Conservative icon Ronald Reagan, the former Hollywood leading man and California governor who outwitted the American political elite to reach the Oval Office, was elected president of the United States on this day in history, Nov. 4, 1980.
His “triumph capped the rise of the new right/conservative wing of the Republican Party and ushered in a new era of governing,” writes the Ronald Reagan Presidential Library and Museum.
“Reagan served as arguably the first true conservative U.S. president in over 50 years. [He] advanced domestic policies that featured a lessening of federal government responsibility in solving social problems, reducing restrictions on business, and implementing tax cuts.”
He also implemented a muscular foreign policy that, many historians argue, led to the downfall of the Soviet Union and largely ended communism as a viable political philosophy on the global stage.
Reagan easily defeated the sitting president, Democrat Jimmy Carter, who oversaw what he himself called the American “malaise” in an infamously dour July 1979 speech.
GOP presidential candidate Ronald Reagan and his family join in the jubilation at the Republican National Convention following Reagan’s acceptance speech on 7/17. Left to right: Reagan’s son and daughter, Ronald and Patti; wife Nancy Reagan; son Michael with grandson Cameron and daughter-in-law, Colleen; and daughter Maureen.
The Republican challenger won 44 states and 489 electoral votes to just six and 49, respectively, for Carter.
Reagan proved one of the most popular presidents in history, winning 49 of 50 states in his re-election bid in 1984.
He ran on a now-famous “It’s Morning Again in America” ad campaign after helping lift the U.S. out of the abyss of the Carter years.
His Democrat challenger in 1984, Walter Mondale, managed to win only his home state of Minnesota.
Reagan had twice run unsuccessfully for president, in 1968 and 1976. Paired in 1980 with former CIA director, U.N. ambassador and World War II hero George H.W. Bush as his running mate, Reagan easily captured the Republican nomination for president.
His buoyant, pro-American optimism proved appealing following the nation’s crisis of confidence that arose from the Vietnam War.
Ronald Reagan, making his famous challenge to Mikhail Gorbachev to "tear down" the Berlin Wall, on June 12, 1987.
“Voters troubled by inflation and by the year-long confinement of Americans in Iran swept the Republican ticket into office,” reports WhiteHouse.gov in its biography of the 40th president.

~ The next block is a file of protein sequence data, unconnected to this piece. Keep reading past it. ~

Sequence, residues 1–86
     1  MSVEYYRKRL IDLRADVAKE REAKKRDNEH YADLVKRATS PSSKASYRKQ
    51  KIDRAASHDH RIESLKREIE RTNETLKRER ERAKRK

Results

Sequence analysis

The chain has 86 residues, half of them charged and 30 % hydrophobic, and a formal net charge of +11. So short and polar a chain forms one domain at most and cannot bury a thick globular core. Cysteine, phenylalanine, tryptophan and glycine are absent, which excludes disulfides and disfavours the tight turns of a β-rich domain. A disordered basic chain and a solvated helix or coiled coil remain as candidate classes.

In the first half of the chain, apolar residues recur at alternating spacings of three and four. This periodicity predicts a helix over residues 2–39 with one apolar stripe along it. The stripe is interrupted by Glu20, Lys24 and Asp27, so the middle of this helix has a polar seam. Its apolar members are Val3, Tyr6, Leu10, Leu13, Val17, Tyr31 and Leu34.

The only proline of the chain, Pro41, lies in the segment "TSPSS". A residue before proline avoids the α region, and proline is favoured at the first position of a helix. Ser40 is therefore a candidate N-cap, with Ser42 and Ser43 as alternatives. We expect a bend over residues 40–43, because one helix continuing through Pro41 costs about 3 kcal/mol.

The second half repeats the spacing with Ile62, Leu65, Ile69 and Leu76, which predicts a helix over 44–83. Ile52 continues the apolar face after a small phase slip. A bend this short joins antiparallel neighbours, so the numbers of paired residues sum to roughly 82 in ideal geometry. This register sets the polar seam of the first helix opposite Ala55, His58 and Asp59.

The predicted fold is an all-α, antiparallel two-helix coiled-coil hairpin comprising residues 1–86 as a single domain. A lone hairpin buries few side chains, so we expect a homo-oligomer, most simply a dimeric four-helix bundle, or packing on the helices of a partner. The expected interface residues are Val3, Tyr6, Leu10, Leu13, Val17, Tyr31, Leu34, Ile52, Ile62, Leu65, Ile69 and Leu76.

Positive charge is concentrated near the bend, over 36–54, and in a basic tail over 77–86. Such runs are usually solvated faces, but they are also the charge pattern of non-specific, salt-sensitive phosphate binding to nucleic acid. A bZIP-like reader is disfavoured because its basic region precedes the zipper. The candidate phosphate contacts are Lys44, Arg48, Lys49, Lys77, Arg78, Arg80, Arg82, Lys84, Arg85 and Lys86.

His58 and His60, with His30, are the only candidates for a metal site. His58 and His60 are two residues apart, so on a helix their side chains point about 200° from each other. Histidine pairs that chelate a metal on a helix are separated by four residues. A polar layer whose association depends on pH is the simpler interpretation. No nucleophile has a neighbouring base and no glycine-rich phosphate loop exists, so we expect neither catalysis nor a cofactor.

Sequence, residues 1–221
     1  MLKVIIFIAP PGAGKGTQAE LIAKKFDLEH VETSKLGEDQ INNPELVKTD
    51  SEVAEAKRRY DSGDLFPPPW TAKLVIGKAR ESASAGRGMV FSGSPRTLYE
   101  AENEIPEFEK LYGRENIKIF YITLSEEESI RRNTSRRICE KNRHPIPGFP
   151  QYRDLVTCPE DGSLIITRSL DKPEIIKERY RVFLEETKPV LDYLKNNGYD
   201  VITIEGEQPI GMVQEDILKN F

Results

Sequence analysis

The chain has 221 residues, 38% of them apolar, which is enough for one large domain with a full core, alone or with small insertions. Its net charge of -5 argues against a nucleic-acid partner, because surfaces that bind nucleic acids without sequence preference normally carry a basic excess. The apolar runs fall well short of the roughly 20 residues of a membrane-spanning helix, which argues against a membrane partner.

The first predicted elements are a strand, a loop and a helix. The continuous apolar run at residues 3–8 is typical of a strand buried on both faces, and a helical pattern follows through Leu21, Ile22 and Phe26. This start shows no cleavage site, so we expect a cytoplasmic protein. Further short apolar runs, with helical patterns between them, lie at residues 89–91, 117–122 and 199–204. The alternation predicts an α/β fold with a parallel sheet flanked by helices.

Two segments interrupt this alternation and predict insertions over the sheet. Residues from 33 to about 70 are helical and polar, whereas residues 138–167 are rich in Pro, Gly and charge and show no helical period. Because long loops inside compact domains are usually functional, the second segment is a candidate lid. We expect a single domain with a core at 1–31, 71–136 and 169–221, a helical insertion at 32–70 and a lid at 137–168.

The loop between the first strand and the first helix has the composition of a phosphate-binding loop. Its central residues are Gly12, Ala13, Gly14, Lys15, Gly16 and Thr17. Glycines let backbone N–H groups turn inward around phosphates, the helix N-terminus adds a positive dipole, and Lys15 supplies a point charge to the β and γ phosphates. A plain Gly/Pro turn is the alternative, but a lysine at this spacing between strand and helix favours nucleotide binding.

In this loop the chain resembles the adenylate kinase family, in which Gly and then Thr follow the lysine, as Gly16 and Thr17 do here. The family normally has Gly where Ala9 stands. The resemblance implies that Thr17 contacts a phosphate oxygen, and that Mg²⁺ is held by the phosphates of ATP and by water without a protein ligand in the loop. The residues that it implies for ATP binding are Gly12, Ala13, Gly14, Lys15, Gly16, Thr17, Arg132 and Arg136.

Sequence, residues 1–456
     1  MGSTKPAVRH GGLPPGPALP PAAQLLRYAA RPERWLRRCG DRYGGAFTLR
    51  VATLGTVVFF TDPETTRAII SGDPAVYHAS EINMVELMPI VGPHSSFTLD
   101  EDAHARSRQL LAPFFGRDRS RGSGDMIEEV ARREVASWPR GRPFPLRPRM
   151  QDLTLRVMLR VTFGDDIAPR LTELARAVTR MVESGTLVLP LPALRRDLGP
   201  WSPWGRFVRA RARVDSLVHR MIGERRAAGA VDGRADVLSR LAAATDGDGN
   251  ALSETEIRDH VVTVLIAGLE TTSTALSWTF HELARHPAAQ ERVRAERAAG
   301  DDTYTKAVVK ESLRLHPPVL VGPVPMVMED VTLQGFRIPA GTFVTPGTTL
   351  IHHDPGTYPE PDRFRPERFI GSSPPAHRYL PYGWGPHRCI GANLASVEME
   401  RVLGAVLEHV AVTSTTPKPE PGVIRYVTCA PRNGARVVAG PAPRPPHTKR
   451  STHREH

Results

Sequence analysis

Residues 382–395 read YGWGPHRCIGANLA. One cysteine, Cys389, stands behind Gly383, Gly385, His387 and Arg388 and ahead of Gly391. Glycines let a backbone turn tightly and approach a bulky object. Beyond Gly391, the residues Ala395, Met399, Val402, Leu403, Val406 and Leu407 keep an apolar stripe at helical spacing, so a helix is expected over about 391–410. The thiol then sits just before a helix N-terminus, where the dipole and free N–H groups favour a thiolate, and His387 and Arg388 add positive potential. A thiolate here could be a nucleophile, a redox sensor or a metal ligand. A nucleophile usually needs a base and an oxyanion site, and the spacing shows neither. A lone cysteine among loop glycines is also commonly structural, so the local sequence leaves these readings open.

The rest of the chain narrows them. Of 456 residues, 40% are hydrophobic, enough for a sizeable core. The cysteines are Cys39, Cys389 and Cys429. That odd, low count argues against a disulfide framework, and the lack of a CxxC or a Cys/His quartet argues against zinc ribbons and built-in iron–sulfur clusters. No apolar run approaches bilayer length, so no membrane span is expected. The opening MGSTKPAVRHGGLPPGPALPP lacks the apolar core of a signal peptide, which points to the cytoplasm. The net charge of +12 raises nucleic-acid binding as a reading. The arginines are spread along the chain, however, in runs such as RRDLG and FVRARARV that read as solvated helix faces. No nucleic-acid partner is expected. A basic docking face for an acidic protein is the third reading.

The Iran hostage crisis weighed heavily on the minds of Americans as they entered voting booths in November 1980.
“Reagan served as arguably the first true conservative U.S. president in over 50 years.”
The U.S. Embassy in Tehran was overrun and 52 American diplomats and civilians were taken captive exactly one year earlier, on Nov. 4, 1979.
The hostage crisis proved symbolic of the weakness of the Carter administration.
Eight American service members were killed in an aborted hostage rescue attempt in April 1980, further cementing the crisis as a failure of presidential leadership.
The hostages were released on Jan. 20, 1981, the same day Reagan was inaugurated.
The stroke of good news that coincided with Reagan’s ascension to the Oval Office inspired hopes of better days ahead under the jovial former actor.
Former President Gerald Ford, left, lends his support to Republican presidential candidate Ronald Reagan, center, and his running mate George H.W. Bush, in Peoria, Illinois.
He inherited a horrific economy, plus staggering interest relates and “stagflation” — a rare combination of a stagnant economy and inflationary prices for consumer goods and services.
“Reagan’s economic legacy is mixed. On the one hand, tax reduction and a tightening of interest rates by the Federal Reserve led to a record period of peacetime economic growth,” notes the Miller Center at the University of Virginia, a think tank of presidential scholarship.
President Ronald Reagan at Durenberger Republican convention Rally, 1982
(Photo by Universal History Archive/Getty Images)
“On the other, this growth was accompanied by record growth in the national debt, the federal budget deficit, and the trade deficit.”
More definitively successful, Reagan tackled the existential threat posed by the Soviet Union and the spread of communism with blunt force.
“He set out to enlarge freedom the world over — and he succeeded.” — Margaret Thatcher
He brazenly proclaimed the Soviet Union the “Evil Empire” in 1983 and, in a June 12, 1987, speech delivered at Brandenburg Gate in divided Berlin, Reagan taunted Mikhail Gorbachev on the world stage.
He dared the Soviet leader by name to “tear down this wall! — a reference to the Berlin Wall that divided communist East Berlin from democratic West Berlin.
Reagan also proposed the Strategic Defense Initiative — dubbed Star Wars by critics. Though never enacted, it had the effect of helping force the Soviet Union to spend itself into failure.
President Ronald Reagan and British Prime Minister Margaret Thatcher at the lunch table, Sunday, June 6, 1982, at the Palace of Versailles, France, following the first session of the second day’s summit meeting.
The Berlin Wall tumbled on Nov. 9, 1989, 10 months after Reagan ceded the office to Vice President Bush following the 1988 election.
The Soviet Union collapsed in December 1991, freeing hundreds of millions of people from the shackles of the Iron Curtain.
Reagan “achieved the most difficult of all political tasks: changing attitudes and perceptions about what is possible,” wrote his political ally and U.K. Prime Minister Margaret Thatcher.
“From the strong fortress of his convictions, he set out to enlarge freedom the world over at a time when freedom was in retreat — and he succeeded.”